Tuesday, May 03, 2016

Stormy Weather

This week's Game Of Thrones is entitled "Home." Not quite sure why. Sure, Theon says he's going home, and Bran mentions he was home, but it's still pretty generic--every episode of this show is about people either in their ancestral home, or who want to get back there.  The title would have fit better for this week's Silicon Valley, where people are worried about how they fit into their new space, and where a lead character explains as long as his skeleton is in his body, he knows he's home. A better title would be "Stormy Weather" since we cut from place to place and everywhere we go it's overcast.  But it's just a title.  What matters is the show, and it was pretty good.

We start with Bran (remember him?) and the Three-Eyed Raven (who's a guy, not a raven), underground, touching roots, but attached to the whole world and its history.  The Raven takes Bran to Winterfell, back when his dad and Uncle Benjen and Aunt Lyanna were children.  We even see a young, talking Hodor (named Wylis then). This bodes well for the show--the Bran plot threatened to be dull training, but now we can see anything anywhere, and we'll no doubt learn the answers to a lot of mysteries, especially Jon Snow's birth.

The Raven takes him back to the present, though Bran would like to stay longer.  You can look, but don't get too involved.  Meera is still around, and stir crazy.  Based on how grown up Bran is, they've been there a while.  She wonders what's the point of hanging around in a cave while he has visions (what does she do?--no friends, nothing to read, etc.), but then one of the Children Of The Forest explains he'll need her when he eventually leaves (going where?).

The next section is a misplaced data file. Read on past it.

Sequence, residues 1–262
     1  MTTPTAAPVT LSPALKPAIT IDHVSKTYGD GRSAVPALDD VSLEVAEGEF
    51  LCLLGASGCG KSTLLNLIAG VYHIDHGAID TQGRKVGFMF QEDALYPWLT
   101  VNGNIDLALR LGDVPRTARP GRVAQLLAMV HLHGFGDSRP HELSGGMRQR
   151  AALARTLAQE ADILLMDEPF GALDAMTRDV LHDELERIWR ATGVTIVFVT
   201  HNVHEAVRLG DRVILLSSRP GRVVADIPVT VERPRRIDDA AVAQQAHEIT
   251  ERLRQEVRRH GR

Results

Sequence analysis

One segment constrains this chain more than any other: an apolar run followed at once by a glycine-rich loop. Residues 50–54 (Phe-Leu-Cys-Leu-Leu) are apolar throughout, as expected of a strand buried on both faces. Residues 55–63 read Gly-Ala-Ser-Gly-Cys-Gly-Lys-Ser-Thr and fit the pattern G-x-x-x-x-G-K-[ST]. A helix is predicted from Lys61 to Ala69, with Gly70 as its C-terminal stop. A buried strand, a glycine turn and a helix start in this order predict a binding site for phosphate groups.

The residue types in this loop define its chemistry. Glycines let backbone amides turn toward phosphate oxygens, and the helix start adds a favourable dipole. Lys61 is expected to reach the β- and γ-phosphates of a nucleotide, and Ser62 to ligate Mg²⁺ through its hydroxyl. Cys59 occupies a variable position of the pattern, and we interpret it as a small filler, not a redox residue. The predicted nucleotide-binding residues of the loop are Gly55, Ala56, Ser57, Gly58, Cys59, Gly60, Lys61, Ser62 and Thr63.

Back at Castle Black it's night and Aliser Thorne is tired of waiting for Davos to open the door.  Davos and his gang get ready to fight as Thorne's man starts to knock down the wall, and then, just in time, Dolorous Edd comes back with the Wildlings.  It's not much of a fight--they outnumber the paltry Night's Watch forces and have a giant, who slams a guy against a wall who shot an arrow at him. (Of all the magic in the show, I like the giants the least.  Dragons, witches, White Walkers, sure, whatever, but giants make no sense to me.) The men in Black lay down their arms.  Good thing Thorne pointlessly waited all day to knock the door down, giving Edd plenty of time to get reinforcements.

At King's Landing, a no-name guy salaciously mocks Cersei.  That's what happens when you go on the Walk Of Shame.  But soon after, that guy has his head slammed against a wall by Robert Strong, aka Frank n Mountain, who doesn't take well to cheap jokes about the Queen.  So the guy goes from no name to no head.  This show is filled by big guys killing little guys by slamming them against a wall.

The Queen, around this time, hopes to attend Myrcella's funeral, but Tommen won't let her (and she isn't ready to let Robert Strong take on the King's Guard).  Myrcella lies in state in the Sept, with Tommen and Jaime watching (it's actually nice not to have overbearing Tywin or Cersei around to tell Tommen what to do). Tommen is conflicted.  He thinks his mom probably killed Trystane (Jaime knows better), but he loves her and wants both her and wife Margaery to be free from the Faith Militant. He's the King, but can't seem to get anything done.

The High Sparrow walks in and lets Tommen know that no one can see Maggie until she confesses. Jaime convinces Tommy to go to mom while the men talk.  Jaime--who has done enough awful things that he should be in a dungeon like his sister was--could kill the Sparrow right here, with just his left hand.  But there are a bunch of other fanatics nearby, and Jaime couldn't kill them all.  This is how, the High Sparrow explains, a bunch of humble people can take over an empire.  I'm aware of the battles between Church and Crown in real history, but come on--doesn't the King have huge armies that could wipe out these guys--at least keep them out of town?  Maybe we'll find out this season.